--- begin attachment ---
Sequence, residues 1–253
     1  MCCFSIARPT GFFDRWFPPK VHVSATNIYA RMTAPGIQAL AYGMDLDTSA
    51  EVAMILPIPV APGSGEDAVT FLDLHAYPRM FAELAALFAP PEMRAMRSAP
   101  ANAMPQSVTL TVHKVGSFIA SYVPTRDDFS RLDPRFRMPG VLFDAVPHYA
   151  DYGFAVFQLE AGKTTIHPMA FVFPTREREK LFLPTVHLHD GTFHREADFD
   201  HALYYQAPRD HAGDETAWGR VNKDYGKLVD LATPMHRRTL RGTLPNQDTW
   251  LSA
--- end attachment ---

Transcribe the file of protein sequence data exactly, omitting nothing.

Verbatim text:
Sequence, residues 1–253
     1  MCCFSIARPT GFFDRWFPPK VHVSATNIYA RMTAPGIQAL AYGMDLDTSA
    51  EVAMILPIPV APGSGEDAVT FLDLHAYPRM FAELAALFAP PEMRAMRSAP
   101  ANAMPQSVTL TVHKVGSFIA SYVPTRDDFS RLDPRFRMPG VLFDAVPHYA
   151  DYGFAVFQLE AGKTTIHPMA FVFPTREREK LFLPTVHLHD GTFHREADFD
   201  HALYYQAPRD HAGDETAWGR VNKDYGKLVD LATPMHRRTL RGTLPNQDTW
   251  LSA